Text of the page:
623 days of the COVID-19 Lockdown, and as of 11 th of December 2021, the Ministry of Health and Child Care reported that, the cumulative number of COVID-19 cases had increased to 165 002 after 3 004 new cases all local cases, were recorded. The highest case tally was recorded in Harare with 861 cases. We note that the Hospitalisation rate data as at 15:00hrs on 10 December 2021, 260 hospitalised cases: 35 New Admissions, 7 Asymptomatic cases, 235 mild-to-moderate cases, 17 severe cases and 1 case in Intensive Care Units. A total of 6 757 people received their 1st doses of vaccine. The cumulative number of the 1st dose vaccinated now stands at 3 943 961. A total of 5 873 recipients received their second dose bringing the cumulative number of 2nd dose recipients to 2 966 892. Active cases went up to 30 505. The total number of recoveries went up to 129 562 increasing by 120 recoveries. The recovery rate dropped to 79%. The death toll went up to 4 735 after 6 new deaths were recorded.
Critical Emerging Issue
Access to COVID-19 Testing
We highlight the critical issues pertaining to access to COVID-19 tests. Testing is a critical element in ensuring that awareness in communities drives the necessary levels of adherence to public health measures. However accessing testing is still a real issue in communities. The key matter arising is the costs of the tests which are still grossly and unjustifiably prohibitive. This makes casual testing highly unaffordable hence the idea that many people have a “flue” become problematic where our testing rate is showing a spike of 42% increase in cases. It is trite that presently there is significant under testing due to access to testing issues. This could be ameliorated significantly if action is taken within the public and private health sector to address the question of why tests are still so expensive. The fact that direct suspect cases may access tests at no costs in the public sector does not address the fundamental issue of the costs of the tests themselves. Despite the removal of customs duties for COVID-19 test kits as per Statutory Instrument 88 of 2020, Customs and Excise (General) (Amendment) Regulations, 2020 (No. 101) COVID-19 are still expensive. Reports that indicate that the widely used test kits imported from China namely the Nantong Diagnosis Covid-19 and Covid-19 Antigen Rapid Test Kit, are being imported at between one US$1 dollar and US$10 for 1 000 units. These costs are in stark contrast to the actual costs of testing in Zimbabwe which range between USD$30 to USD$60 per test. We further highlight the limited reach of testing which is relying on areas where pre-identified cases are present and not proactively seeking or ensuring other hotspots are detected through the normal testing of citizens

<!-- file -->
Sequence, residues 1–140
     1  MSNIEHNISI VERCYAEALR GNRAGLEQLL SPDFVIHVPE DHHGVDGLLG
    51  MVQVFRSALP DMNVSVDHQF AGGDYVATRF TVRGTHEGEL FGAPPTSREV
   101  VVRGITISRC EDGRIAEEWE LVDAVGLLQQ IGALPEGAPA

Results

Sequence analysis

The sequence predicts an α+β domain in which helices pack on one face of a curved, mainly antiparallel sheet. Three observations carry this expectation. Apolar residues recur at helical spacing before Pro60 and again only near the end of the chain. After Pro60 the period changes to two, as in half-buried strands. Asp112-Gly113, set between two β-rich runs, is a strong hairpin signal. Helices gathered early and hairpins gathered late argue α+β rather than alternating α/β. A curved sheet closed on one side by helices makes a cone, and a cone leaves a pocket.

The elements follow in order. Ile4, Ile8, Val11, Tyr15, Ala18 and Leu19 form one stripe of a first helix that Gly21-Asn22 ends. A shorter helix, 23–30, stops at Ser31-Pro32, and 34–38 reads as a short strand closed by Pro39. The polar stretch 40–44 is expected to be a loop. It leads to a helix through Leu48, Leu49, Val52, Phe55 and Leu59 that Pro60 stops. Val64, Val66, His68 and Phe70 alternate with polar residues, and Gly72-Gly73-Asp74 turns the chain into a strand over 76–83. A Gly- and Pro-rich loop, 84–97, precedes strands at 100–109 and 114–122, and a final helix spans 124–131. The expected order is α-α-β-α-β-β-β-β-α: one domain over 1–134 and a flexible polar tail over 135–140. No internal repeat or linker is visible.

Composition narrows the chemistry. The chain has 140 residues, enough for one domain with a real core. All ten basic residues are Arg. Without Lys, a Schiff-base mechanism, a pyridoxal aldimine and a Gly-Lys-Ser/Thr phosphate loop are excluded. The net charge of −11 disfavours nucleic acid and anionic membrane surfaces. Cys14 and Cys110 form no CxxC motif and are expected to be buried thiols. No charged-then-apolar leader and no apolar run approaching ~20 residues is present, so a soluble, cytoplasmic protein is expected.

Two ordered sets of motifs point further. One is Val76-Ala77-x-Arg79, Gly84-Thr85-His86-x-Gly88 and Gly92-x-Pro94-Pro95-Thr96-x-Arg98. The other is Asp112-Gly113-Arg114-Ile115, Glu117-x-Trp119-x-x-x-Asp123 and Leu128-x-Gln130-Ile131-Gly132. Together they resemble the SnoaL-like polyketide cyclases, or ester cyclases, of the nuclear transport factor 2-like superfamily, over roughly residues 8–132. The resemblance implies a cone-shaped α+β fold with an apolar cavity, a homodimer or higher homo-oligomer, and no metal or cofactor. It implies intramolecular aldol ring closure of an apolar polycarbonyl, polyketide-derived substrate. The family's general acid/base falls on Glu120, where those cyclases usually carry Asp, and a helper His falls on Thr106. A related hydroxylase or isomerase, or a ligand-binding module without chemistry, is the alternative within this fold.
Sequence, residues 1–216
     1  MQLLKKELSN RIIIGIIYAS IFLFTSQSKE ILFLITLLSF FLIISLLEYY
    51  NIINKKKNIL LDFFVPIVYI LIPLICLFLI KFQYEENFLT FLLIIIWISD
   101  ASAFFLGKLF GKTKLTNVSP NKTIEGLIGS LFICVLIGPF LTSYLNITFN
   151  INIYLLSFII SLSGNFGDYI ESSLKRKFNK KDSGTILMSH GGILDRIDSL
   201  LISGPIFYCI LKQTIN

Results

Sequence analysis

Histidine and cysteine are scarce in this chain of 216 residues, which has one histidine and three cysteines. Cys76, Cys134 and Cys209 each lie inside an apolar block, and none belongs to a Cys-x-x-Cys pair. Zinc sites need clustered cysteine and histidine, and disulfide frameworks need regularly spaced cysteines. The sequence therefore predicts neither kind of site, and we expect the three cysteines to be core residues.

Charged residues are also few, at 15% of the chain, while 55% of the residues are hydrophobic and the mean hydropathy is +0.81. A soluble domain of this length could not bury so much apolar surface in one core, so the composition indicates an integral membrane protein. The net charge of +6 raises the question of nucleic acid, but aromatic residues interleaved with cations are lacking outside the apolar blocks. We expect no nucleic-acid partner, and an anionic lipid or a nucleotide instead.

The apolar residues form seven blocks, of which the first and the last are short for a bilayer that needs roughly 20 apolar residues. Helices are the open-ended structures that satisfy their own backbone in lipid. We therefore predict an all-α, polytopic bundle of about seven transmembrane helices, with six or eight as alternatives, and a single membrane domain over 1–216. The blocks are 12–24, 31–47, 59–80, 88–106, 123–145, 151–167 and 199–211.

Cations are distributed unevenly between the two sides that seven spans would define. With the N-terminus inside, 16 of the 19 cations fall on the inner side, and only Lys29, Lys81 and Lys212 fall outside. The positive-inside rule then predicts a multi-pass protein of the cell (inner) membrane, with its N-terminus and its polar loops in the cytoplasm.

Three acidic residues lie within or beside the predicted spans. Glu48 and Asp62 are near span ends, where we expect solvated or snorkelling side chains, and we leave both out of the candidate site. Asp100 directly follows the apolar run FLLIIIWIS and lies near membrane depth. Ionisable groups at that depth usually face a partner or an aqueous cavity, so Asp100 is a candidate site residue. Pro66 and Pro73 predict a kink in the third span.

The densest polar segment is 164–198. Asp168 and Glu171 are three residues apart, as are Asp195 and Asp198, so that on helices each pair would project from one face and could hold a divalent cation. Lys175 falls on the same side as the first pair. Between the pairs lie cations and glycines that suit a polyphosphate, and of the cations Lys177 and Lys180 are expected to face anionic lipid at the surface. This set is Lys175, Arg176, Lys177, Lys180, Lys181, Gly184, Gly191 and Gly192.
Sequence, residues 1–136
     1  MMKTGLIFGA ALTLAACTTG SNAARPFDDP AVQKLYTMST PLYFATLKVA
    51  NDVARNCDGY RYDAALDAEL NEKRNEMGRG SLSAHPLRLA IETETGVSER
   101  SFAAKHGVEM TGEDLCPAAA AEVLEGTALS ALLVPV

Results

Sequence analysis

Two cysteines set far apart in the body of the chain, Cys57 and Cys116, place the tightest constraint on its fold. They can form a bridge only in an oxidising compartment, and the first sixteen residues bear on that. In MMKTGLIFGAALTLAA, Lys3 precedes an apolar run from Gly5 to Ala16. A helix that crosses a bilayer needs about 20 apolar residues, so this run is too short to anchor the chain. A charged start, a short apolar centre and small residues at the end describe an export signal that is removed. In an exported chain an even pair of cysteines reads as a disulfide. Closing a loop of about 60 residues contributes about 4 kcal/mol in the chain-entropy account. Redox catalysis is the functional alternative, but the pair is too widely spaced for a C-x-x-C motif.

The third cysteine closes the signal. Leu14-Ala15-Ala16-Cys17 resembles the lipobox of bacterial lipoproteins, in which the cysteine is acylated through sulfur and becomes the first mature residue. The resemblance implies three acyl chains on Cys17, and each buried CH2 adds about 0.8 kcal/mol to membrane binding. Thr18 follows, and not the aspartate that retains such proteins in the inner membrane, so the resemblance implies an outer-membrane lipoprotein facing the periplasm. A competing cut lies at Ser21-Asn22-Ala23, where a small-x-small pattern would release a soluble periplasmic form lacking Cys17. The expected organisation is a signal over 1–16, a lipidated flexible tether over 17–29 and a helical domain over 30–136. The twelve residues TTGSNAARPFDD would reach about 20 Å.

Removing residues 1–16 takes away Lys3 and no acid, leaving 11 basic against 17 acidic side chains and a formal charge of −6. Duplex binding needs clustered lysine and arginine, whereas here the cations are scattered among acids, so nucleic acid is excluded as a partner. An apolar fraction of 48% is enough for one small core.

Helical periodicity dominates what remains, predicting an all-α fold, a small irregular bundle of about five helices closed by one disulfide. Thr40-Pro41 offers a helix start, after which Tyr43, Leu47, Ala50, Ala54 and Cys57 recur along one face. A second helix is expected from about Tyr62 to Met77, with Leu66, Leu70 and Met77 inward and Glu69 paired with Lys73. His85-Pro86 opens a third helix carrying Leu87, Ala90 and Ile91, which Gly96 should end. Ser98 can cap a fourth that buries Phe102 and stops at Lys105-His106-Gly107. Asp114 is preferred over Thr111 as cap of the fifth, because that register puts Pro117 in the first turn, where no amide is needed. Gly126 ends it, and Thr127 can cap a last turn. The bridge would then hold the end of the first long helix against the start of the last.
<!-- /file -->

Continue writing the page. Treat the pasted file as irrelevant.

- We call for an urgent competition investigation into the costs of tests currently prevailing across the country.
- We call for the Anti-Corruption Commission to undertake enquiries regarding costs of tests in the market.
- We call for the reduction of test costs to ensure that private sector and the general socio-economic activities which encourage testing are accessible through affordable testing services to communities.
- We reiterate our call for Government to intervene in this public health emergency and actively ensure that reduction of testing costs throughout Zimbabwe.
Herd Immunity Target Missed
We place focus on the National Vaccine target to vaccinate 60% of the population (10 million people) to meet herd immunity by December 2021. We highlight that as we are in December only 25.6% persons have been vaccinated thus far. We highlight several issues that we believe to have hampered the vaccination drive namely, delays in providing accurate information which created space for vaccine misinformation and disinformation, science denialism, anti-vaccine sentiments, limited access and limited choice in types of vaccines, low level of reporting of vaccine after effects and the delayed expansion of vaccine centres. We remain concerned at the low pace of expansion of vaccination centres. This remains a central issue in the low numbers of access to vaccines. We note that the expansion of vaccinations to persons over 16 and under 18 years is in a bid to expand the vaccine pool and this was finally expanded in November 2021 to include schools and learning centres being vaccine centres. Furthermore, we highlight continued gaps in access to vaccination sites. ? We continue to call for expansion to vaccinations site to include market places and transport hubs/inter-changes.
- We reiterate our calls for expansion of vaccination centres to agro-dealers and agro centres and collection depots.
- We continue to call for expansion of vaccination centres to shopping centres/malls and new and developing housing areas.
Source: Women’s Coalition of Zimbabwe